Wednesday, August 6, 2008

Of Pakistan's New Media and Old Firebrands

It is a brand new world here in Pakistan. Under the new democratic government, the media seems freer than it ever was before. The play Chicago was up at the Pakistan Arts Council for eleven nights and was sold-out all eleven times. I went to watch it on Saturday and came out thrilled that such a risqué piece of theater was actually allowed here. Bold dances, sexy clothes, and unabashed references to sex! The audience, laughing and clapping through the entire play, absolutely loved it. And I, with more than a little wonder, thought that this would never have been possible five years back.

I also went to see the latest Pakistani movie Ramchand Pakistani over the weekend and was once again pleasantly surprised at how unconstipated its attitude towards sex and sexuality was.

The same is the case with the new TV channels and radio stations that have been flourishing over the past couple of years. Najam Shiraz’s new song Khwabon Ke Rishtey is a case in point. His music video deals with the problems teenage girls face from unwanted pregnancies and cheating boyfriends to sexual harassment and parental neglect. I won’t go so far as to say that his video deals with these things in a meaningful way but just that these taboo topics can be touched upon is something remarkable to me.

But really, underneath the face of an apparently free press, there is actually rampant self-censorship. While governmental interference is no longer something of huge concern to the media, the specter of an irrational mullah mob chanting Allah-u-Akbar and waving pitchforks and torches does send shivers down its spine.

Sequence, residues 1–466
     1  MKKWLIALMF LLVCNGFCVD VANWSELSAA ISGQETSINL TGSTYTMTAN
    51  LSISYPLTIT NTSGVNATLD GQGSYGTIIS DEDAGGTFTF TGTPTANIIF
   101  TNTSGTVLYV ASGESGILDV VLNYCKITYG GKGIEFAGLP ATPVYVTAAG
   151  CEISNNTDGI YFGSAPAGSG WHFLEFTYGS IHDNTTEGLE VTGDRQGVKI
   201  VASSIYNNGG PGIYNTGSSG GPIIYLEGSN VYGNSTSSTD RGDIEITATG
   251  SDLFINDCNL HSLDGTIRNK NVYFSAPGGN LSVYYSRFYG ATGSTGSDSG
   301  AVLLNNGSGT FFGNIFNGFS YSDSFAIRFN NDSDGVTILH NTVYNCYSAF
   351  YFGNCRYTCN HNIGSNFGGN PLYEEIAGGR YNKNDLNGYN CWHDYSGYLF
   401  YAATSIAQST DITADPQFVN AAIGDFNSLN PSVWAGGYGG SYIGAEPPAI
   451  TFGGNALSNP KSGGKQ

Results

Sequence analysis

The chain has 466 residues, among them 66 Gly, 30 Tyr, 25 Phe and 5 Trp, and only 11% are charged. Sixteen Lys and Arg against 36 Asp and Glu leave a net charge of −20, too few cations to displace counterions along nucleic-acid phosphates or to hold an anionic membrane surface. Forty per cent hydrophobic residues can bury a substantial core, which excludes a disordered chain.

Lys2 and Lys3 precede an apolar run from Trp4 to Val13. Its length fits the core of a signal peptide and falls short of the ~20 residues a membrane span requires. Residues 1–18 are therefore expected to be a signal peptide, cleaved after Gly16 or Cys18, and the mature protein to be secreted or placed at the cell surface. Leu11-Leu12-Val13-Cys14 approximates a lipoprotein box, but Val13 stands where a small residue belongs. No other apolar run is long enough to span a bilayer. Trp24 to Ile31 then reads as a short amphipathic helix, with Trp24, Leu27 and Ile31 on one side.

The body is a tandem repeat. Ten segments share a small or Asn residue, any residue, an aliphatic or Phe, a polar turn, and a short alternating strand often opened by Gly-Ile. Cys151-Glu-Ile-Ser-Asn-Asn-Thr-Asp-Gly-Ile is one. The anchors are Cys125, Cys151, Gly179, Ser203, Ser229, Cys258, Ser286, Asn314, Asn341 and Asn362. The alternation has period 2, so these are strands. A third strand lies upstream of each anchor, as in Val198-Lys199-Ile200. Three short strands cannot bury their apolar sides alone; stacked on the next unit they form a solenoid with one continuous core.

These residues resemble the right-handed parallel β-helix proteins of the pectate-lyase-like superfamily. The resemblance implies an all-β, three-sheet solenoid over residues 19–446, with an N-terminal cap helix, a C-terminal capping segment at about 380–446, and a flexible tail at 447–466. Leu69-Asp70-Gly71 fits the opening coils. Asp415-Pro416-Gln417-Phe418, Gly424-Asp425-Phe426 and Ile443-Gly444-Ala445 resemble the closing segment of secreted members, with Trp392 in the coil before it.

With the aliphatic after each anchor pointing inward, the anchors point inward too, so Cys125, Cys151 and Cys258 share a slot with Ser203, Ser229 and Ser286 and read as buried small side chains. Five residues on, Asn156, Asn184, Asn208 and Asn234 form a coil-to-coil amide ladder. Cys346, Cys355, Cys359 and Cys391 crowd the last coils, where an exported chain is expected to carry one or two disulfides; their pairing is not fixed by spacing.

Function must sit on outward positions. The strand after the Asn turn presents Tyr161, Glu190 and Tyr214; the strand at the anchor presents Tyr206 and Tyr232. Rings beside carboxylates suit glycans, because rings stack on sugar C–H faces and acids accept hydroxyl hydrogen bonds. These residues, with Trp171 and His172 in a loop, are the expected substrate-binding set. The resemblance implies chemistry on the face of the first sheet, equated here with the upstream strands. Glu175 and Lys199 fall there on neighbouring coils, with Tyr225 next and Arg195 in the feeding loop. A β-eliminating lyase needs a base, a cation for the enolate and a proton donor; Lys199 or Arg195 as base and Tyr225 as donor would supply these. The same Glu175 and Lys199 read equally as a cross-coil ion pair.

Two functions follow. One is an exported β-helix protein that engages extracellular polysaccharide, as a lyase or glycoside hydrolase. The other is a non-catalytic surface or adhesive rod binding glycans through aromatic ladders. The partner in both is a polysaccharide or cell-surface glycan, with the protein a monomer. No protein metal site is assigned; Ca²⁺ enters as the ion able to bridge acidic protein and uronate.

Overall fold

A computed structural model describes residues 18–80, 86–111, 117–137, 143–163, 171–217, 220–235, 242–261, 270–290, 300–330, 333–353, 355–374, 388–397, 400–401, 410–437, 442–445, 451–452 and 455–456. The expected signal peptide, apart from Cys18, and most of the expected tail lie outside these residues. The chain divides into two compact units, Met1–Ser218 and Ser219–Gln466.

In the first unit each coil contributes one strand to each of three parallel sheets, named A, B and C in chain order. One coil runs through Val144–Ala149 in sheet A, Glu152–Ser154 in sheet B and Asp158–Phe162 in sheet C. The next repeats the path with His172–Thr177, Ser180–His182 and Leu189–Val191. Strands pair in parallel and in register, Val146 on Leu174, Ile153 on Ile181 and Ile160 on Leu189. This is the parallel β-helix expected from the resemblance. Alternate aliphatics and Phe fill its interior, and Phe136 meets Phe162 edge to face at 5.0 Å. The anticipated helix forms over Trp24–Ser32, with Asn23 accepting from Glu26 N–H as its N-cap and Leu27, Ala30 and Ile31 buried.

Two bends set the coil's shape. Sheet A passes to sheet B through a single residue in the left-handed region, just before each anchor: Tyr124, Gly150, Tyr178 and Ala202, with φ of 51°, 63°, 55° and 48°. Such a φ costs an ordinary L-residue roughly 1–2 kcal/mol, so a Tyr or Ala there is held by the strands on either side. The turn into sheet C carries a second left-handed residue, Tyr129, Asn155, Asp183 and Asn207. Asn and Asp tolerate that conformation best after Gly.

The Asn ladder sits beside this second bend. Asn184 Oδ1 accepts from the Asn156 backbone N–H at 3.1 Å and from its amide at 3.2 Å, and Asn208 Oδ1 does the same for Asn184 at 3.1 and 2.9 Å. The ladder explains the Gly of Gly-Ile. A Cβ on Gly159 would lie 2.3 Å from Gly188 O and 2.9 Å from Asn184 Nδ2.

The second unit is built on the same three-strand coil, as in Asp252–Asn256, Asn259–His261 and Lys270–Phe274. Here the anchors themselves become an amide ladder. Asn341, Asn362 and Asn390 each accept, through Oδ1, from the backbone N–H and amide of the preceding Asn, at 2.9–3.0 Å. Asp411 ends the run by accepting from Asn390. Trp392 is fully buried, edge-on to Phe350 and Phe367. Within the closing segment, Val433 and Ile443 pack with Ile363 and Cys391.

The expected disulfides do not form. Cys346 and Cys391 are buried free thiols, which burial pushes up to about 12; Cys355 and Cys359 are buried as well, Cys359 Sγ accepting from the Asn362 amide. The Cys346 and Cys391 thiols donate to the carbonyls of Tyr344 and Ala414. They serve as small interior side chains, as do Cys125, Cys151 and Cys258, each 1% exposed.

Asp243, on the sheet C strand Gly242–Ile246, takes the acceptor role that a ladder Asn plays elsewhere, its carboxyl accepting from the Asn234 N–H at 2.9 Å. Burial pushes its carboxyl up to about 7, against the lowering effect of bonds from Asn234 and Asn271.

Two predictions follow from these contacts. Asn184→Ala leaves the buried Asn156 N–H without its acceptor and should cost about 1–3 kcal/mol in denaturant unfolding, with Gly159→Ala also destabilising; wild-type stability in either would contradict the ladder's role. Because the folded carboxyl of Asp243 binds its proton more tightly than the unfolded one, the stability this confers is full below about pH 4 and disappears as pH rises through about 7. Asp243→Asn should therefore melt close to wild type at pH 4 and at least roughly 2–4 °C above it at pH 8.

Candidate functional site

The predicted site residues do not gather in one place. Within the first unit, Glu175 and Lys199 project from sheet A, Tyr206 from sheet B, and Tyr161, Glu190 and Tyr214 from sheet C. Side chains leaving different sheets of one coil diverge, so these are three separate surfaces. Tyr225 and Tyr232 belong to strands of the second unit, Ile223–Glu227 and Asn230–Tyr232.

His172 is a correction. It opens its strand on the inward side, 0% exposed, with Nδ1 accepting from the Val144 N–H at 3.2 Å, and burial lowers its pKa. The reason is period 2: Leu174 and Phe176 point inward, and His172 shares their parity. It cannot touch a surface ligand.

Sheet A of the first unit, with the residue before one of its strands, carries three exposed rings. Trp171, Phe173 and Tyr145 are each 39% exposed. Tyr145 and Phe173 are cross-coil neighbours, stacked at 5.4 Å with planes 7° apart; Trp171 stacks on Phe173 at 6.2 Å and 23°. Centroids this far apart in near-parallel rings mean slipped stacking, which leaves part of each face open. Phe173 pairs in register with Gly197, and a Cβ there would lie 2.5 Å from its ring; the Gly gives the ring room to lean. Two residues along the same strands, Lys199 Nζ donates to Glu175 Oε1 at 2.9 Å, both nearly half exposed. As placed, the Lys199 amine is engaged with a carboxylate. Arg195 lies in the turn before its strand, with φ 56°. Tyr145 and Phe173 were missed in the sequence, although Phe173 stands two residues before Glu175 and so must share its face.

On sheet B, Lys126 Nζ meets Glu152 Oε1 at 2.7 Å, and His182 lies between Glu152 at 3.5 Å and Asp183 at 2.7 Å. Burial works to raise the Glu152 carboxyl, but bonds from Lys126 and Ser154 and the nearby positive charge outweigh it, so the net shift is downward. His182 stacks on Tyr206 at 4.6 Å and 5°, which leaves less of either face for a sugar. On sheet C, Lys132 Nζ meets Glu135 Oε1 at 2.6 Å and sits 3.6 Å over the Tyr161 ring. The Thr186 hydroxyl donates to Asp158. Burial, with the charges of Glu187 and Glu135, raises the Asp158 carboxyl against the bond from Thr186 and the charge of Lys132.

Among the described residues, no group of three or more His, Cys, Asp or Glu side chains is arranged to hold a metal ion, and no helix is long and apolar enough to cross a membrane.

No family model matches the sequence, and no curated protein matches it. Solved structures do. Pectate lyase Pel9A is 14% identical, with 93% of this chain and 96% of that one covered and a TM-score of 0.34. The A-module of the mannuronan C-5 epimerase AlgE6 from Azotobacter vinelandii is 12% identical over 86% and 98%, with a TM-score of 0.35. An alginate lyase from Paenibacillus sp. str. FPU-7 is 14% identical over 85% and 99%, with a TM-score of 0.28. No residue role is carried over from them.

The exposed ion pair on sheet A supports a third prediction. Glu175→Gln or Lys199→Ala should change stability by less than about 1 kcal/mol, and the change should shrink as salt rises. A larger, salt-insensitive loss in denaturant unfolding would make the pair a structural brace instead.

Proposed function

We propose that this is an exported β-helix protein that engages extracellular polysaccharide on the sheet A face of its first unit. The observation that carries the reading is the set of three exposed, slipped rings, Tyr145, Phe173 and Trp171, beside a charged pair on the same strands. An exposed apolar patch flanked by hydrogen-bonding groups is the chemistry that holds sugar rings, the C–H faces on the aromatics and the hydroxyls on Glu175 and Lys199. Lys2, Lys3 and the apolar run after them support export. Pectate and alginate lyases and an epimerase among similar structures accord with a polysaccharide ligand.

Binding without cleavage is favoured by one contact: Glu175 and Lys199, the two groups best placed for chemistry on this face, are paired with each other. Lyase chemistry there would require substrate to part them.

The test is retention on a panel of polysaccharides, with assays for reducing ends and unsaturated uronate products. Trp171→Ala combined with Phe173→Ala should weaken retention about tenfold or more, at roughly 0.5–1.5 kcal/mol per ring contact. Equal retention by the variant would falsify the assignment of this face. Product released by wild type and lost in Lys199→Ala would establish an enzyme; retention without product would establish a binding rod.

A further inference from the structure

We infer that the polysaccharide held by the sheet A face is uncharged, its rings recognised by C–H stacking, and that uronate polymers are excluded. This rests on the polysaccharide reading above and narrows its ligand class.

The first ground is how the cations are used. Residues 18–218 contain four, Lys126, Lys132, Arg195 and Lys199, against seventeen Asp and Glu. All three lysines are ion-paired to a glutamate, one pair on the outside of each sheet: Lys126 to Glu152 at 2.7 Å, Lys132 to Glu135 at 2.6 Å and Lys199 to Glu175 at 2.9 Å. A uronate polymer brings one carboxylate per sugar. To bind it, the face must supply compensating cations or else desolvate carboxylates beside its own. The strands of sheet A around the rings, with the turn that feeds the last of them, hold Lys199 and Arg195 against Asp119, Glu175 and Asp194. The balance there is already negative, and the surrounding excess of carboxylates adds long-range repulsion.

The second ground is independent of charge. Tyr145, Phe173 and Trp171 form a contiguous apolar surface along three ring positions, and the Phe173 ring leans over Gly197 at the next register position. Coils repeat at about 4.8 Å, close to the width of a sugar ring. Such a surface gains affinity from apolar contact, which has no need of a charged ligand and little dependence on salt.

I tell you this with such authority because I have been working at Dawn TV for the past month and have witnessed the self-censorship firsthand. There is an old man at Dawn TV, who looks like a relic from PTV of the fifties, called Censor Uncle. He watches all the shows before they air and checks to see whether the content will ruffle any fundo feathers or not. One talk show was forbidden from discussing abortion and another from mentioning that alcohol was legal before Bhutto went fundo in the 70s.

It is deplorable that the media feels compelled to censor itself when talking about simple historical facts or important social issues. So perhaps these new franker conversations about gender, sex and sexuality have to be put in the context of crazy Taliban burning down girls schools in Swat and vigilante groups of burqa clad women kidnapping Chinese masseuses. The mullah mob is able to bully the new freer media into self-censorhsip because of the government’s ambivalent attitude towards religion-motivated vigilantism. The media would naturally protect itself rather than offend the crazies and find itself facing their wrath without any government protection.

Some may ask why it is so important to protect the media’s right to talk about sex anyways, especially since it makes most older Pakistanis extremely uncomfortable. Well first off, on the matter of principle, because freedom of speech means letting people talk about things that you do not like or agree with. Secondly because this traditional taboo on sex and sexuality prevents us as a society from having an honest debate and spreading awareness about women’s rights, sexual abuse, STDs, AIDS, unwanted pregnancies, abortions, family planning, rape, LGBT rights, sexual harassment and so many other issues. The new media can help us overcome our national prudishness but the government has to help it too by protecting it from the vigilante violence of the mullah brigade.